Idaho regulators last Friday asked for stakeholder and general public comments on a long-term planning document by Spokane, WA-based Avista Utilities that forecasts 20 years of low gas prices and demand by its retail residential and business natural gas customers in the northern panhandle of the state.

Avista’s long-term plan filed earlier this year with the Idaho Public Utilities Commission (PUC) projects gas demand will grow “only slightly more than 1%” during the next 20 years. Natural gas prices will remain low during the next several years due primarily to the continued development of shale gas nationally, the combination utility told the PUC.

In September Avista said that its long-term gas demand forecasts have declined and shorter-term price declines have been even greater (see Daily GPI, Sept. 14). Avista called demand “a key risk” that will have to be monitored. Nevertheless, while the utility earlier in the fall put into play a 5% decrease in rates due to lower wholesale gas costs, longer term it has sought a 7.3% increase in natural gas utility base rates covering fixed costs aside from commodity fuel prices.

The PUC said it is taking comments on the long-term gas plan through Dec. 3.

“Avista does not anticipate any resource shortages during the next 20 years due to increased production of shale and lower customer demand,” a PUC spokesperson said.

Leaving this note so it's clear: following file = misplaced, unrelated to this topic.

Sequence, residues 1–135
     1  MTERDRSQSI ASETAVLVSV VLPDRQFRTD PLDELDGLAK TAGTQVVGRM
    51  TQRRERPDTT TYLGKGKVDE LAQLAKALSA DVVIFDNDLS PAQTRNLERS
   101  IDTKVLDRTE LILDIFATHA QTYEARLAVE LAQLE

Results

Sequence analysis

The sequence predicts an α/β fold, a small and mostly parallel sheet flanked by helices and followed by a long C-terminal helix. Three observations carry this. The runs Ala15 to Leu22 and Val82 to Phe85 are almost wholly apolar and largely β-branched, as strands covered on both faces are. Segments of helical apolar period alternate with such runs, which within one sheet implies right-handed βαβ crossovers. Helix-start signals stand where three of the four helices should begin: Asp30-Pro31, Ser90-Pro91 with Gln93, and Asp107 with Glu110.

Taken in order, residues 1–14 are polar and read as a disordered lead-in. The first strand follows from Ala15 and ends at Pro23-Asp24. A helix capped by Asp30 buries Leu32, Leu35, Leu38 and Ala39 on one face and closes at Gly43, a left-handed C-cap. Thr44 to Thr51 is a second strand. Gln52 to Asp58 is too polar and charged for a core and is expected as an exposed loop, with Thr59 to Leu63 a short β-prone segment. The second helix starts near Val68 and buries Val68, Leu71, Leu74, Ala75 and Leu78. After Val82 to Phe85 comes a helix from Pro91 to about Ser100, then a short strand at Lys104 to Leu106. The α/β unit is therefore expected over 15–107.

In Idaho, electric and gas utilities are required to file updated integrated resource plans (IRP) with the PUC every two years, spelling out how they intend to meet customer demand under various scenarios. Avista’s latest IRP assured state regulators that it has a diversified portfolio of gas supply resources, including contracts to buy gas from several supply basins, stored gas and firm capacity rights on six different supply pipelines.

“Shale gas has changed the landscape for North American supply and turned the price of natural gas on its head,” Avista said in its updated plan’s executive summary. “While shale is not new, the technological improvements for extraction, the value of natural gas liquids and the amount of gas associated with oil extraction have significantly impacted the volume and cost of the supply mix.” The combination utility also cited declining use of gas per customer and “stagnant” customer growth due to the prolonged effects of national and regional recessions.

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